If Toomey was present at the key vote today, as well as the two Democrats who missed it, Sens. Kyrsten Sinema and Patty Murray, the final tally would have been 57 in favor, which still would have fallen short of the 60 votes needed to break a filibuster. 

Toomey, Republican from Pennsylvania, is retiring after his term. He was one of the seven Republicans who voted to convict former President Trump in his second impeachment trial.

1:22 p.m. ET, May 28, 2021

Schumer: GOP lawmakers who blocked Jan. 6 commission bill chose to defend Trump's "big lie"

From CNN's Adrienne Vogt

Senate TV
Senate TV

Senate Majority Leader Chuck Schumer said Republican lawmakers who voted against advancing the Jan. 6 commission bill did so "out of fear or fealty to Donald Trump."

“Out of fear or fealty to Donald Trump, the Republican minority just prevented the American people from getting the full truth about January 6th. The Republican minority just prevented the Senate from even debating the bill. No opportunity for amendments, no opportunity for debate. There was an attempt by the Republican minority to shunt this vote into the dark of night. But because of today's Senate time agreement, it was done in broad daylight. The American people will see how each Republican senator voted," Schumer said on the Senate floor.

Schumer said voting in favor of the bipartisan commission "should've been simple."

"Senate Republicans for months publicly supported the idea of a commission. But now all of a sudden, the Senate minority and the Senate minority leader waged a partisan filibuster against the bill. This vote has made it official: Donald Trump's big lie has now fully enveloped the Republican party. Trump's big lie is now the defining principle of what was once the party of Lincoln," Schumer said.

"Senate Republicans chose to defend the big lie because they believe anything that might upset Donald Trump could hurt them politically," he said.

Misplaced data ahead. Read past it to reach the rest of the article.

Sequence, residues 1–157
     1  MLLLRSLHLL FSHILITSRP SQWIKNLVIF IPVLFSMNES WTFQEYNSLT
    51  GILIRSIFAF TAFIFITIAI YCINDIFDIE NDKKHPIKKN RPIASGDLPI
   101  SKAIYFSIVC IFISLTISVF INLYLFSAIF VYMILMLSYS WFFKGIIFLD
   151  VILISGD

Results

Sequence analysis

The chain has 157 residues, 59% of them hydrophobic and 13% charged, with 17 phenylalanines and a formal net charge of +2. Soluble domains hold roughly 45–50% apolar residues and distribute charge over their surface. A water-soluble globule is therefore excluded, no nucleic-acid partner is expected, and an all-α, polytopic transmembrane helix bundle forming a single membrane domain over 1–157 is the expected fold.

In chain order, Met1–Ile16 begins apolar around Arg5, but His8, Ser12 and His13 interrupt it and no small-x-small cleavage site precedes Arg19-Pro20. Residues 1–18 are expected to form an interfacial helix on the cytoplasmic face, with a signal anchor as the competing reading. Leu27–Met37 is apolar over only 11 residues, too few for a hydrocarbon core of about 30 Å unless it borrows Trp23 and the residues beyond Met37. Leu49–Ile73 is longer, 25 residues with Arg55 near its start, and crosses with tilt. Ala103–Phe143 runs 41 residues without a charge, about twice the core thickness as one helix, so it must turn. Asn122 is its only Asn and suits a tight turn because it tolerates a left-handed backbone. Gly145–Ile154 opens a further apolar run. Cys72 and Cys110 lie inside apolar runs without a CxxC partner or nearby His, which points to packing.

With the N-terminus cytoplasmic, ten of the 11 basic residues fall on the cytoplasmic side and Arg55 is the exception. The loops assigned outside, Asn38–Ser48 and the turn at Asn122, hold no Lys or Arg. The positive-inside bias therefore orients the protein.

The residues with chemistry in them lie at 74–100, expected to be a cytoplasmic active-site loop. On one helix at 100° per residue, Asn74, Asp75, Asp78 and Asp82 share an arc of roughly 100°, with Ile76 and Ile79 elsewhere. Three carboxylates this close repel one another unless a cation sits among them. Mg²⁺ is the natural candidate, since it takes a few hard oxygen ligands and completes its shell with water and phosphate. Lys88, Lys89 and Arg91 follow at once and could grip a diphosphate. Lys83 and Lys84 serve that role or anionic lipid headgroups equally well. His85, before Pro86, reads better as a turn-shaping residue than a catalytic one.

"Shame on the Republican party for trying to sweep the horrors of that day under the rug because they're afraid of Donald Trump," he added.

Six Republican senators — Mitt Romney, Susan Collins, Bill Cassidy, Rob Portman, Lisa Murkowski, and Ben Sasse — voted to advance the commission bill. 

Hear more from Sen. Schumer:

12:33 p.m. ET, May 28, 2021

These are the 6 GOP senators who voted to advance the Jan. 6 commission bill

From CNN's Alex Rogers 

Getty Images
Getty Images

Senate Republicans blocked a bill Friday to create a commission investigating the pro-Trump riot at the US Capitol, preventing a high-profile probe into the attack that led to the deaths of five people and injured about 140 police officers. 

The vote was 54 to 35. Six GOP senators voted in favor of advancing the bill:

  1. Sen. Mitt Romney
  2. Sen. Susan Collins
  3. Sen. Bill Cassidy
  4. Sen. Rob Portman
  5. Sen. Lisa Murkowski
  6. Sen. Ben Sasse

At least 10 Senate Republicans were needed to join all Democrats to advance the bill. Twice as many Republicans as expected voted for the commission, but not enough to save it.

The vote underscored the deeply partisan divide that has emerged over the insurrection earlier this year.